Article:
TV Preview

TV Preview: Bravo's 'Fashion Show' Is an Appealing Knock-Off of 'Project Runway'

Co-hosts Kelly Rowland and Isaac Mizrahi and judge Fern Mallis are front and center with the contestants, who are vying for fashion fame.
Co-hosts Kelly Rowland and Isaac Mizrahi and judge Fern Mallis are front and center with the contestants, who are vying for fashion fame. (By Mitchell Haaseth -- Bravo)

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By Monica Hesse
Washington Post Staff Writer
Thursday, May 7, 2009

"The Fashion Show," premiering tonight on Bravo, is different from "Project Runway."

Like, the runway on which aspiring designers showcase their fashions is triangle-shaped, not linear. Weekly losers are dismissed with "Bye bye, darling," not "Auf wiedersehen." The egomaniacal genius contestant is named Merlin, not Christian.

Pointing out these vast differences is important. Otherwise, it might be possible to confuse "Fashion Show," in which 15 contestants stitch and scissor their way to a $125,000 prize, with "Runway," in which 16 contestants stitch and scissor their way to a big cash prize -- especially since the former is meant to fill the gap left when "Runway" last year announced its move to Lifetime.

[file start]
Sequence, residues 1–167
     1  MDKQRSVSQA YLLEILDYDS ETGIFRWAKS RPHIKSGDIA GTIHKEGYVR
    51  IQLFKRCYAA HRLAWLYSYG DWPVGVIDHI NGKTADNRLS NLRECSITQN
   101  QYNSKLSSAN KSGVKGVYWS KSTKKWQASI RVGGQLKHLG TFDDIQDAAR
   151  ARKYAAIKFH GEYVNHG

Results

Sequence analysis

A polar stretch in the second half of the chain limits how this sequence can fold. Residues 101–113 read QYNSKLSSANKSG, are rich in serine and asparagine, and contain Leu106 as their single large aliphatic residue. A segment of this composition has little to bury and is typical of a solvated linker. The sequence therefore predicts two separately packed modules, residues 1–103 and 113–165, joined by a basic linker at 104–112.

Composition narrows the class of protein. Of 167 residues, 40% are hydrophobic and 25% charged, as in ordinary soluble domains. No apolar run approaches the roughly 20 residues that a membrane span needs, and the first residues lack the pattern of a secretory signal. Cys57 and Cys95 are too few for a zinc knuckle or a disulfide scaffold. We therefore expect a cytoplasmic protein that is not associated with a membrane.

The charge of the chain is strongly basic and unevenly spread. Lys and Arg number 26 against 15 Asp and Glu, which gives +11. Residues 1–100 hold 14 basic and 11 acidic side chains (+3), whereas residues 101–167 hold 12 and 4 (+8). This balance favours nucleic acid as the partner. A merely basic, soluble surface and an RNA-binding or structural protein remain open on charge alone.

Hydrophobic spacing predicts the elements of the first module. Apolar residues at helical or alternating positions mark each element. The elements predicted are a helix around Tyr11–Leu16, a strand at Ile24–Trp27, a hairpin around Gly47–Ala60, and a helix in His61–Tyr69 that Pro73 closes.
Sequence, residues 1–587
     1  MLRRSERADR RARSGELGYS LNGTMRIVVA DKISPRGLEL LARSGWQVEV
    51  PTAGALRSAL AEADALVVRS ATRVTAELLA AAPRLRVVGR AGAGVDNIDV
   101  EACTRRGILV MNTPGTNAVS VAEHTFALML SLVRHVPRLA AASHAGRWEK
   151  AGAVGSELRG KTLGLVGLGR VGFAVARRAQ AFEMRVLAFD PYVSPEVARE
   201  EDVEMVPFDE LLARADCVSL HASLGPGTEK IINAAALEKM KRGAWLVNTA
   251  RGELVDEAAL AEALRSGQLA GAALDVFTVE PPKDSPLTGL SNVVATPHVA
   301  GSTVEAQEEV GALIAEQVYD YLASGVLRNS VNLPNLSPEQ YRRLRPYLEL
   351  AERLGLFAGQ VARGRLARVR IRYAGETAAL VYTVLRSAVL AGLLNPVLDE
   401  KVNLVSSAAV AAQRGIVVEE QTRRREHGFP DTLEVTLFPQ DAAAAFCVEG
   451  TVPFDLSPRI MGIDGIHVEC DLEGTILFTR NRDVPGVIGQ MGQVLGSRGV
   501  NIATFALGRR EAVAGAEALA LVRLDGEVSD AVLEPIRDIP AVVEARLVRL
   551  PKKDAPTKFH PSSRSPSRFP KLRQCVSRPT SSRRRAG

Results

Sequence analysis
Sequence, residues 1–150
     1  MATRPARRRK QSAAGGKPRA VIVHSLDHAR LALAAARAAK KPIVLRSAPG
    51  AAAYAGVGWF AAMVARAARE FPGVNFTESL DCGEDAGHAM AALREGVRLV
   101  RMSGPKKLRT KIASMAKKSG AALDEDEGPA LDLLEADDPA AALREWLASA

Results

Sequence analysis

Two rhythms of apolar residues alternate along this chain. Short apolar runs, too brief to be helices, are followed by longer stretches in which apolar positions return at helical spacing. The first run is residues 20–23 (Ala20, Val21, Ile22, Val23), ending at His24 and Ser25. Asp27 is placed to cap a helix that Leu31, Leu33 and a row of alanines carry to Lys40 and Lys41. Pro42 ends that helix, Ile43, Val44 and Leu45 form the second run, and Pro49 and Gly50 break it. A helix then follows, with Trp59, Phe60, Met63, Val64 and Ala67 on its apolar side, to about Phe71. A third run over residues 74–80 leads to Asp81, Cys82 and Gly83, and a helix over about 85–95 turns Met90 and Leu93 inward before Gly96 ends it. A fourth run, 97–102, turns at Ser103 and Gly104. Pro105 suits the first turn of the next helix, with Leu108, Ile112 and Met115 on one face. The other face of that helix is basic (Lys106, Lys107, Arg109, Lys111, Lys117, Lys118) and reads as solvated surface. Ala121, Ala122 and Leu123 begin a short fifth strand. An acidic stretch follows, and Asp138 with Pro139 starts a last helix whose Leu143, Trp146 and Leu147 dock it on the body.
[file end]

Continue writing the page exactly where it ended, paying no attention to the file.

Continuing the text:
So, differences:

Benevolent Isaac Mizrahi and svelte Kelly Rowland fill the co-host roles in "Fashion," as opposed to benevolent Tim Gunn and svelte Heidi Klum in "Runway." (Fern Mallis of IMG Fashion is the third judge.)

The weekly fashion shows are held not just for a panel of judges, but for an audience full of "fashion experts." At the end of the series, the television-viewing audience at home will get to help vote for the winner.

Design challenges, at least in the premiere episode, are tamer than "Runway's" often absurd tasks.

Tame can still make for very watchable television.

In the first episode, contestants are split into three teams, asked to create one "must-have item" and then design an entire wardrobe featuring it. After teams create the essential item, the clothing piece becomes the group name, leaving one group unfortunately labeled "Team Harem Pant" for the rest of the show.

It's pretty good stuff, especially when you factor in some of the contestants' personalities. Like Merlin, who in one scene is dressed like the love child of Robin Hood and a Mountie (red cape, feathered cap) and in another like a garish Virgin Mary. Or esoteric James-Paul, who says his design aesthetic "derives from post-colonial theories" and also from "squares and rectangles." Or Reco, the hardscrabble sewing whiz who put himself through school designing costumes for strippers.

Reco, a member of Team Harem Pant, gets chastised when he accidentally refers to his team's haute design as "Hammer Pants."

"But couture and refined," a prissy teammate corrects him.


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